Study Guides (248,145)
Canada (121,341)
Sociology (282)
SOCI 1002 (43)

2 Organizations notes.docx

4 Pages
Unlock Document

SOCI 1002
Christian Carron

Organizations Who do we mean by “we” - Many social movements are about defining the “we” - Social group: are composed of set of people who identify with one another, and adhere to defined norms, roles, or statuses • Ex: Members of a family, sports team, or college - There are different types of social groups • Primary vs. secondary • Communities, social networks, organizations Primary and secondary groups - Primary groups ð Groups where norms, roles, and statuses are agreed upon but not put in writing • Social interaction leads to strong emotional ties, extends over long period, and involves wide range of activities • Results in group members knowing one another well  Example: The family (most important primary group) - In comparison to primary groups, secondary groups: • Are larger and more impersonal • Group members have at most, a passing acquaintance with one another • Involve social interaction in narrow range of activities over shorter period of time that create weaker emotional ties  Example: Sociology class. Sports team Communities (interest)- historical and contemporary types - Acommunity is a collection of people, who are not clearly defined or circumscribed, but who agree to something that other people reject and bestow an authority upon those beliefs - Communities: historically • Community, however, is more about an expression of desire than a reality • Most powerful allude to ‘common blood’, hereditary character, timeless link with a ‘land’ • Genetic similarities for the purpose of creating unity are not set in stone anymore - Communities: contemporary • Community then moves towards communities of faith- communities we have chosen • Communities of faith need to be supported by rituals, series of regular events • The harder it is to get into a particular community, the higher the demand for uniformity for its members Social networks (exchange)- older vs. newer types - Old forms of social networks • Are elaborate social networks in big cities • Networks also shape scientific influence because scientists in social network tend to share similar scientific beliefs and are thus are more open to some influences than others • In 1980s, HIV/AIDS disease did not spread uniformly throughout community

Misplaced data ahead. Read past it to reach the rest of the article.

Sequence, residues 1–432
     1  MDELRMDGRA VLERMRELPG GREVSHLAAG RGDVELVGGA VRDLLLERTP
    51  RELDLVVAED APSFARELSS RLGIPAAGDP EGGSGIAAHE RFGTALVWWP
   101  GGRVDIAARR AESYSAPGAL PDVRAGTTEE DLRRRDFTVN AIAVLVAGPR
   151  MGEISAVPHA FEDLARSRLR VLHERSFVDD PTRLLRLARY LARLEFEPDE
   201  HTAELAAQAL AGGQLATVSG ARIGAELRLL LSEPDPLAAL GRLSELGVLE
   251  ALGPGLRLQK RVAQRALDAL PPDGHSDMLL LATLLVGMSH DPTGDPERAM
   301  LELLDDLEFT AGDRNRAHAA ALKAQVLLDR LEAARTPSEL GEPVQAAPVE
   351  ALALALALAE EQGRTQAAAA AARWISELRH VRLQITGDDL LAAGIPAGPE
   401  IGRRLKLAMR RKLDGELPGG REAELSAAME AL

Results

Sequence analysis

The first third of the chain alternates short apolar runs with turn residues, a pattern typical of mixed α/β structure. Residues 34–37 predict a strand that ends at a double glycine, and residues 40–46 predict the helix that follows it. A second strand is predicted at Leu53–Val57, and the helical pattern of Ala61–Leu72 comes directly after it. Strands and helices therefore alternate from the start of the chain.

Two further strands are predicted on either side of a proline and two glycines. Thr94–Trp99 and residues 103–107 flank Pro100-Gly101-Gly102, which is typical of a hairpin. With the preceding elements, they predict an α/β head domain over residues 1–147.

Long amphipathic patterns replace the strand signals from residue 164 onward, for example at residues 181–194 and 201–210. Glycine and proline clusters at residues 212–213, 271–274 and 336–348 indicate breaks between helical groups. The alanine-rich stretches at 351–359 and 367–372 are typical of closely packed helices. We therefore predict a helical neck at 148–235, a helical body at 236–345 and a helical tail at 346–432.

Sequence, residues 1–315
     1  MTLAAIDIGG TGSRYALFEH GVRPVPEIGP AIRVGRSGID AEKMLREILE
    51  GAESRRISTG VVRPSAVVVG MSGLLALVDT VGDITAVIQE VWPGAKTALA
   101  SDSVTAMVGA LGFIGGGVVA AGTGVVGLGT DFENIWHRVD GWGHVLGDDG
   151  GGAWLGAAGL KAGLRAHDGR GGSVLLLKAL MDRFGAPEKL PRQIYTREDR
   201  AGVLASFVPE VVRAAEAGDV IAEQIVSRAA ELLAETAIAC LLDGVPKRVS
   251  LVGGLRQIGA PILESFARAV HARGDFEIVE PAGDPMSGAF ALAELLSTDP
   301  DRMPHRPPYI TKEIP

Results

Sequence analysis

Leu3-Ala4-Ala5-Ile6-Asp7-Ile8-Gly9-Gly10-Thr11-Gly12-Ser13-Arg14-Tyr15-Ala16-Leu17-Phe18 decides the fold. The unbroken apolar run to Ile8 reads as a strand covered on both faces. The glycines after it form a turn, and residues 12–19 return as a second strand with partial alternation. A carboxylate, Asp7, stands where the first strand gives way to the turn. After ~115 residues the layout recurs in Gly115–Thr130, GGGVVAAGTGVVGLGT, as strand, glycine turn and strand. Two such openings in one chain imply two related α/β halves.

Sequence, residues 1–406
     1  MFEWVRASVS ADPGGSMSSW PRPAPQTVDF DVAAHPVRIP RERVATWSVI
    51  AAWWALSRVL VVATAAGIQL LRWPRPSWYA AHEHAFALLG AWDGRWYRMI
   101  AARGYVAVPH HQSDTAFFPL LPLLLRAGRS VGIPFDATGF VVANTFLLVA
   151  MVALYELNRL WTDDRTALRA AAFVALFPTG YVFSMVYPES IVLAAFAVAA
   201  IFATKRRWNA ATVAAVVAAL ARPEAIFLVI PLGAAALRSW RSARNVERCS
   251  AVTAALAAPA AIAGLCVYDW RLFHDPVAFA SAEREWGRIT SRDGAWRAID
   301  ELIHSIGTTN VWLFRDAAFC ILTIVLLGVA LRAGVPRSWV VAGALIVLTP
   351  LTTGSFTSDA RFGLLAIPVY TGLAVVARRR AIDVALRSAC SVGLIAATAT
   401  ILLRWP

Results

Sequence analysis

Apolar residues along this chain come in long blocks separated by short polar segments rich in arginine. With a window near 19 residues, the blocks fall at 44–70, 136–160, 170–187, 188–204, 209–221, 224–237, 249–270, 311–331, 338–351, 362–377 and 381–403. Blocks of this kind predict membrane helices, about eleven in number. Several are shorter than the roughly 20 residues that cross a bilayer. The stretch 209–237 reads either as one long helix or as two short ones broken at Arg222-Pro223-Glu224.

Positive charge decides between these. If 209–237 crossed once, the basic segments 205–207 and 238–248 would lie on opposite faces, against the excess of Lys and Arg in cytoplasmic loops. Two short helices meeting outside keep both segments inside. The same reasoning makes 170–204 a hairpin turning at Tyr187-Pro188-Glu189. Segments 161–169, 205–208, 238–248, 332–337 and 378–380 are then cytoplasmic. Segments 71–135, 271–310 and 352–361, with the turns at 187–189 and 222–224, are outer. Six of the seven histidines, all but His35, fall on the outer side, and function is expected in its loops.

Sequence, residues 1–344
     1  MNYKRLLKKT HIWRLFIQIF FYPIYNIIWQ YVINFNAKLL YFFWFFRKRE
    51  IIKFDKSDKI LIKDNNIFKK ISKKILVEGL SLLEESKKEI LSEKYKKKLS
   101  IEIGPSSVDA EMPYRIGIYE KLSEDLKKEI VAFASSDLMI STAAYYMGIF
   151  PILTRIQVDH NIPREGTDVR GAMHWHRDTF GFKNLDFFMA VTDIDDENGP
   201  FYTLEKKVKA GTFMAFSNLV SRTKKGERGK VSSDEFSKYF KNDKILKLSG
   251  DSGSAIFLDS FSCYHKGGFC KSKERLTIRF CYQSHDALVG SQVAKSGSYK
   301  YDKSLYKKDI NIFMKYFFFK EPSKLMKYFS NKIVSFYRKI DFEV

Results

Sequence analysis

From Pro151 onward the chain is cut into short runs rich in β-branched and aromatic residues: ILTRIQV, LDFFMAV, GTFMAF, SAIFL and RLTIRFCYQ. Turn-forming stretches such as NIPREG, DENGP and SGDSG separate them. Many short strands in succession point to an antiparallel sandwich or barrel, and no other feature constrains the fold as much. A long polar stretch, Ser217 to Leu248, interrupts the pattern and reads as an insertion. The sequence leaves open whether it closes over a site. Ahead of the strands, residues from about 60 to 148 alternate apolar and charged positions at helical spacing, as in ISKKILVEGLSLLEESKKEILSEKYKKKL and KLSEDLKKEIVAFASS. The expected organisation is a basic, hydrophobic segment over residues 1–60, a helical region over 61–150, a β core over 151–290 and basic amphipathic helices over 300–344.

More Less

Related notes for SOCI 1002

Log In


Join OneClass

Access over 10 million pages of study
documents for 1.3 million courses.

Sign up

Join to view


By registering, I agree to the Terms and Privacy Policies
Already have an account?
Just a few more details

So we can recommend you notes for your school.

Reset Password

Please enter below the email address you registered with and we will send you a link to reset your password.

Add your courses

Get notes from the top students in your class.